Rising energy costs are a problem
Last updated 3/11/2022 at 11:05am
Last week, I sent a letter to Governor Newsom and the California Public Utilities Commission to immediately implement measures to alleviate rising energy costs.
The State of California is expected to have at least a $45.7 billion budget surplus in 2022. These are taxpayer dollars that should be used to lower the energy bills for all San Diegans. You can read the letter below and I will keep you updated on the progress.
Dear Governor Newsom,
As Supervisor of the Fifth District representing North San Diego County, I am writing to request that the State of California immediately implement measures to alleviate rising energy costs, providing relief to the ratepayers of San Diego.
My office has been contacted by residents concerned with the sudden rise in energy costs and increases in utility rates. My constituents are concerned with their ability to pay for recent increased energy bills, especially seniors who are on fixed incomes. With already out of control housing costs, gasoline prices, and the cost of goods due to inflation, many San Diegans struggle now more than ever to survive under the weight of these rising costs.
Considering the recent rise in rates, the State of California should review costly energy regulations under the State’s control and provide temporary relief to ratepayers. Drivers of the recent rate increases include the exorbitant cost of natural gas, renewable energy infrastructure to meet State mandated targets, the growth of public benefit programs which are offset by other rate payers, and the cost of wildfire mitigation measures. California is expected to have a $45.7 billion budget surplus in 2022. Part of that surplus should be used for wildfire mitigation measures and renewable infrastructure to meet state goals, relieving ratepayers from the cost burden, and lowering energy bills.
With wildfires now a year-round threat in California, it is imperative that the region continue to invest in infrastructure that reduces the risk of wildfires. On the backs of local ratepayers, SDG&E has spent $3 billion in the last 10 years to strengthen community resiliency, harden electric grids, and underground powerlines. Investment in infrastructure to reduce the risk of wildfires are on-going. However, these costs are funded by local ratepayers, included in monthly energy bills. The State of California should relieve ratepayers by offsetting these projects with state budget-surplus dollars. The State should also look to offset costs of utility-constructed clean power projects. Again, these also fall on the backs of San Diegans in every SDG&E bill.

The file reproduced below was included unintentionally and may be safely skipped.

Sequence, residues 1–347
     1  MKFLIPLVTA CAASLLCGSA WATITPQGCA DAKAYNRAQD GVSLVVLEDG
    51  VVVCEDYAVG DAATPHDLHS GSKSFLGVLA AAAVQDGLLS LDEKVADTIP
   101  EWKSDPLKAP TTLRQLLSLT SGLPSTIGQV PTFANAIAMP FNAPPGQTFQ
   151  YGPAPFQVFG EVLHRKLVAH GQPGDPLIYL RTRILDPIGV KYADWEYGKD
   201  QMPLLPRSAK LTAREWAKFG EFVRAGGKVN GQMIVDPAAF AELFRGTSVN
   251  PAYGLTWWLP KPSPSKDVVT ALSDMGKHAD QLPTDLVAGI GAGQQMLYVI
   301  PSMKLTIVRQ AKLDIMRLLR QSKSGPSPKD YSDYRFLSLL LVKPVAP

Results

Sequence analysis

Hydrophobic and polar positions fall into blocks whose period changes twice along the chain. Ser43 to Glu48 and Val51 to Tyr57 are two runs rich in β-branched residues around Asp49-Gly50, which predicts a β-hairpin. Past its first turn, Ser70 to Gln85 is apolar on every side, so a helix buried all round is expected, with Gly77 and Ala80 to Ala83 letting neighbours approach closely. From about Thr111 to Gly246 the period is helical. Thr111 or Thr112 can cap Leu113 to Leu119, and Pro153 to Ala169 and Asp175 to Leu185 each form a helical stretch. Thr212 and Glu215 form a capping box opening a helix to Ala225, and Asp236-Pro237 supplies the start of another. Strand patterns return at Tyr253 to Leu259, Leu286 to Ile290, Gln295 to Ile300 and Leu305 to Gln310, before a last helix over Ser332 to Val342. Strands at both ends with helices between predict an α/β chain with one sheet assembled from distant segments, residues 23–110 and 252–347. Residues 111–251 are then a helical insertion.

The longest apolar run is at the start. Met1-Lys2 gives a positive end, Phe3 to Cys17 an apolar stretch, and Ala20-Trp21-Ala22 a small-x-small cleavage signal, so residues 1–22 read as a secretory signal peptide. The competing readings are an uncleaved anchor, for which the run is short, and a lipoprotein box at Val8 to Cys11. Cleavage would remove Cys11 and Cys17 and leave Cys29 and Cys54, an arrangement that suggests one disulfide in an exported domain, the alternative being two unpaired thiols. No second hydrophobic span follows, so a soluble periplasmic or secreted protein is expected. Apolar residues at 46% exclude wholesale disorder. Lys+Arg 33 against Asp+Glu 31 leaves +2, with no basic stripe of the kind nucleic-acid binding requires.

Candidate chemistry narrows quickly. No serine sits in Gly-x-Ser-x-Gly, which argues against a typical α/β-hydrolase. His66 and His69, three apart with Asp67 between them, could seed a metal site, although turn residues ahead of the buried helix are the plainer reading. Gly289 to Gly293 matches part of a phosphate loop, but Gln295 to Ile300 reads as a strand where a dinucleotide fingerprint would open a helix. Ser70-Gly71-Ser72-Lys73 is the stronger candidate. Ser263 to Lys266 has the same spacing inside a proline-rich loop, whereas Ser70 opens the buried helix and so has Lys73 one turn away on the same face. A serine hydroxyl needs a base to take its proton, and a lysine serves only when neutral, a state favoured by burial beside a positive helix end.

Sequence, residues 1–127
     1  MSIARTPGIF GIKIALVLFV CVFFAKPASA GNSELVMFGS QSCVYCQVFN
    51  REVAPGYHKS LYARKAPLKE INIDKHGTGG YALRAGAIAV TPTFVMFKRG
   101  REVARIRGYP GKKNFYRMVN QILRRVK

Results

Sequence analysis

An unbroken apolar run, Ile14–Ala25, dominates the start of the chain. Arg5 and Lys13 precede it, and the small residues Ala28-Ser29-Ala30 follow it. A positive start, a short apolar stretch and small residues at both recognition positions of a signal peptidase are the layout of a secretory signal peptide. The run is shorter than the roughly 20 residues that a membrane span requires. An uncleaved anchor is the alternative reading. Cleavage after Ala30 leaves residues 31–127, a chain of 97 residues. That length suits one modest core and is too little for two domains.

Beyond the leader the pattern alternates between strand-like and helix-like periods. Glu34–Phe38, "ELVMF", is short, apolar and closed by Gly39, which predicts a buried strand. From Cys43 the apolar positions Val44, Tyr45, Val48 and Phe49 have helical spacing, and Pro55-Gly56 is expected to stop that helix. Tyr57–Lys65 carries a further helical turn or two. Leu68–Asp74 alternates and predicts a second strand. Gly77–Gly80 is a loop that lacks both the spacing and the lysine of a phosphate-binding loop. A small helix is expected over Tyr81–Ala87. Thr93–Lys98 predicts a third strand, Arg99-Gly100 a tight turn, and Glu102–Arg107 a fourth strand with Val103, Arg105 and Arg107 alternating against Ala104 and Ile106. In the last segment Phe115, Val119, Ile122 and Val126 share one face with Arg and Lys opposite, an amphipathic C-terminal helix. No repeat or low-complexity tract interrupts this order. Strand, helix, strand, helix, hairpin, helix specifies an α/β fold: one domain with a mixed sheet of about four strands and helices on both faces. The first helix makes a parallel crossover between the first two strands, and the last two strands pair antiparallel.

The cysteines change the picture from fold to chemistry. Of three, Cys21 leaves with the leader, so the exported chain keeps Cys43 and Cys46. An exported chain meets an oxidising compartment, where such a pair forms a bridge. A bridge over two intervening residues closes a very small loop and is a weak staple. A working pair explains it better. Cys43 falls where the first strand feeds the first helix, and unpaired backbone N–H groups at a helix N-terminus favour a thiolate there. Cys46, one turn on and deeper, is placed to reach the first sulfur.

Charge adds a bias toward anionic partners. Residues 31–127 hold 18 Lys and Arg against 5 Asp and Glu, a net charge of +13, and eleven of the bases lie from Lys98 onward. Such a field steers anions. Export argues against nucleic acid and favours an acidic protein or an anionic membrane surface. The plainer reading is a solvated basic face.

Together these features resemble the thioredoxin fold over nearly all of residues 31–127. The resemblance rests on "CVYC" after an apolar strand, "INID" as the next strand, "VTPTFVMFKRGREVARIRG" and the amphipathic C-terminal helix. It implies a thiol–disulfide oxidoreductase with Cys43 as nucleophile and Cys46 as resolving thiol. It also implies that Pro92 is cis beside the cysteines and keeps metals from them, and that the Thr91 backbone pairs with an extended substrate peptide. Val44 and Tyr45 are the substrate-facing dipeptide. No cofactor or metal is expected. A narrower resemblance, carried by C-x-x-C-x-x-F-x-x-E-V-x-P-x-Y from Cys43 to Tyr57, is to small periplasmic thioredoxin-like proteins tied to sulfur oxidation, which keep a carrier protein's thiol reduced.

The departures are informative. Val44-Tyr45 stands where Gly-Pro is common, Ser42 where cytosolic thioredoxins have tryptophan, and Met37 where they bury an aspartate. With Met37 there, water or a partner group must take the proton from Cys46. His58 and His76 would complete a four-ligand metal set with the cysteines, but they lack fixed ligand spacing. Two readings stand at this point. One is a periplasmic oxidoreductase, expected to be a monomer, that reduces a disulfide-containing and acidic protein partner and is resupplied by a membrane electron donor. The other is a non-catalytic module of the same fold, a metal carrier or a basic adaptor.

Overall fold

With more people working from home and increased adoption of personal electric vehicles, reliance on energy will grow. To many working San Diegans, and those such as seniors on fixed incomes, the recent 24.6% jump in gas rates and 7.8% increase in electricity rates are more than they can afford…in an already expensive California. The State’s budget surplus comes from taxpayers, many of whom have suffered mightily from a pandemic, losing their job and seeing gas prices rise dramatically. Let’s give it back to the taxpayers by lowering their energy bills.
I urge you to act now to lower energy bills for San Diegans.
Supervisor Jim Desmond